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30/08/2017 - 16:47hs
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Qatar pushes forward economic adjustments

The IMF highlighted the efforts by the Arab country to strengthen the economy after the embargo by neighboring countries. Government is pushing forward the fiscal adjustment and diversifying import sources.



São Paulo – Qatar’s economy is adjusting to the impacts caused by the embargo imposed by neighboring countries in June, according to a report released this Wednesday (30) by the International Monetary Fund (IMF). An IMF team, headed by Mohammed El Qorchi, visited Doha from August 13 to 20.

According to Qorchi’s statement, the country registered a sharp contraction in imports in June, 40% year-over-year, but saw a slight recovery in July. Qatar has been working to diversify its imports and external financing sources, in addition to enhancing local food processing.

The countries that imposed the embargo to Doha are important trade partners. Besides cutting diplomatic cites, Saudi Arabia, Bahrain, United Arab Emirates and Egypt suspended the transit of people, good and vehicles to and from Qatar. The group accuses the country of supporting terrorist groups, which the Qatari government vehemently denies.

The IMF representative said that there was a quick answer to the situation by the authorities. The country is proceeding with an important fiscal adjustment, cutting current expenditures and increase non-oil revenues. This year, Qatar’s non-oil Gross Domestic Product (GDP) should grow 4.6%. Despite the increase, it stands below the 5.6% seen last year.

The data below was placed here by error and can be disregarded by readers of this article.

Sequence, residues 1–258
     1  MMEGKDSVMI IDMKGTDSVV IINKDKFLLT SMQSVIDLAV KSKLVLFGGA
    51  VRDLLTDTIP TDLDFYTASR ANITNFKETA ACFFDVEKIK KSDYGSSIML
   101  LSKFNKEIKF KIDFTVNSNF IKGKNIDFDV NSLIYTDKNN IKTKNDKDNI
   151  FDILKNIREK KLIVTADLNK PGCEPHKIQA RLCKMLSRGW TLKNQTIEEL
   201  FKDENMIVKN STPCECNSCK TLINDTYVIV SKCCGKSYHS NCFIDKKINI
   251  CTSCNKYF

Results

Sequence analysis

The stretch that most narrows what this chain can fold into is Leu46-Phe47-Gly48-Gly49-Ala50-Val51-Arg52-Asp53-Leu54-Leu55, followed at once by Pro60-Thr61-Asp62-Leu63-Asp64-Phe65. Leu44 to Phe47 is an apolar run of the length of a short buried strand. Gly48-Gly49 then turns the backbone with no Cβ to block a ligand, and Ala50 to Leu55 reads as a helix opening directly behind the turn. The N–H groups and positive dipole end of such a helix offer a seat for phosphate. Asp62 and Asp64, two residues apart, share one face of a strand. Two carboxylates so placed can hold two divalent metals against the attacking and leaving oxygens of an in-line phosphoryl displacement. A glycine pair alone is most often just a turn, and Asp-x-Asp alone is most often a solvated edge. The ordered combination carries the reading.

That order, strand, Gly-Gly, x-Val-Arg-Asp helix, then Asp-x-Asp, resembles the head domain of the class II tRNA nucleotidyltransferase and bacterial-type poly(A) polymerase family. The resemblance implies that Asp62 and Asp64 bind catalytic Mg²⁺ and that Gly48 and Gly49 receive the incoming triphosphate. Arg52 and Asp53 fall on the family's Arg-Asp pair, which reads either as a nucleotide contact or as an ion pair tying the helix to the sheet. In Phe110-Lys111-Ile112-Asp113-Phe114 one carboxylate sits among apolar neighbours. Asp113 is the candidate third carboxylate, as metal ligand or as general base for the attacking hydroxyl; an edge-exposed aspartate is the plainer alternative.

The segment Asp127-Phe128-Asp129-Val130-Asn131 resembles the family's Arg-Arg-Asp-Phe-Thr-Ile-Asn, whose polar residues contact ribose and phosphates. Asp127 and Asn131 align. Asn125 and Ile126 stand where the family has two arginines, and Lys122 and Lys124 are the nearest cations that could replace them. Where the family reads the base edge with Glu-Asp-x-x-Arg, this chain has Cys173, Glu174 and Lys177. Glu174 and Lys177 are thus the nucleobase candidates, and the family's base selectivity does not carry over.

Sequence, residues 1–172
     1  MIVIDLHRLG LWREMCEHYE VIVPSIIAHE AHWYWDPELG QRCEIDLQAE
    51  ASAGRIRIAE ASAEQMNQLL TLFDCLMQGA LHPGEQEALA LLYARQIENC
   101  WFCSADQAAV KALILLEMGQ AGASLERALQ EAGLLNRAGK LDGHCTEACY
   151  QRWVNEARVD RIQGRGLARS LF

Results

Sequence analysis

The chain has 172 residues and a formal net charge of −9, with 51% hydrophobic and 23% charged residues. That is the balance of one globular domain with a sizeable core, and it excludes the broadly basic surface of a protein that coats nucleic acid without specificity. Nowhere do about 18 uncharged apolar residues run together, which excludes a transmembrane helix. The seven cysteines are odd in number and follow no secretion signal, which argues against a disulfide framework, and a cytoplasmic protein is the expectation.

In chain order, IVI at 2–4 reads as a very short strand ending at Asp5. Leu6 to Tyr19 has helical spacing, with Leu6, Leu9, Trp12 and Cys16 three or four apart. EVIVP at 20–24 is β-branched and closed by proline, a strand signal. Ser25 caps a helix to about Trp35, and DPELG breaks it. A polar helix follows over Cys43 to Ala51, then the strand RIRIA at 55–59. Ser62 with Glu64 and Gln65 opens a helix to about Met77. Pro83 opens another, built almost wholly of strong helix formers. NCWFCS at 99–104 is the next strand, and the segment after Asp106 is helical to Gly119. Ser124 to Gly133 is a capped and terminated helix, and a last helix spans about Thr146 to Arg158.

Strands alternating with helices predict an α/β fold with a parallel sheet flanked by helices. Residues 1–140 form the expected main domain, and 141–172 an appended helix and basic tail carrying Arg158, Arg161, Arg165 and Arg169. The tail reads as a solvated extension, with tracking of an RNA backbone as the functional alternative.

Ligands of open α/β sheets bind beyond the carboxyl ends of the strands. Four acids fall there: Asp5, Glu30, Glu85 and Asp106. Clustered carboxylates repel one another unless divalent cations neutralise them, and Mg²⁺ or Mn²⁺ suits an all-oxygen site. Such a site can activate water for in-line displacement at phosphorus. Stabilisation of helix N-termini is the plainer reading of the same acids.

The central government’s deficit should drop to 5.9% this year, below the 8.8% seen in 2016. Next year, the country will continue to push forward fiscal consolidation, introducing new management measures, such as further rationalization of expenditure and the introduction of the Value-Added Tax (VAT). The improvement in oil prices should help strengthen the economy.

To lessen the impact of the embargo among financial institutions, the Qatar Central Bank did liquidity injections in the system and increased the deposits by the public sector. “Qatar’s banking sector remains sound, with high asset quality and strong capitalization,” said Qorchi. According to him, monetary authorities are ready to meet future withdrawals by non-residents. At the time of the embargo, non-residents withdrawals increased sharply.

According to the IMF, the diplomatic rift could weaken confidence and reduce investments and the growth of Qatar and possibly of other countries from the Gulf Cooperation Council (GCC). Qatar’s government approved a second national development strategy, focusing on the economic diversification. The country also doesn’t require entry visas anymore for 80 nationalities, including Brazilians, to stimulate tourism, and created a new permanent-resident status for foreigners.

*Translated by Sérgio Kakitani

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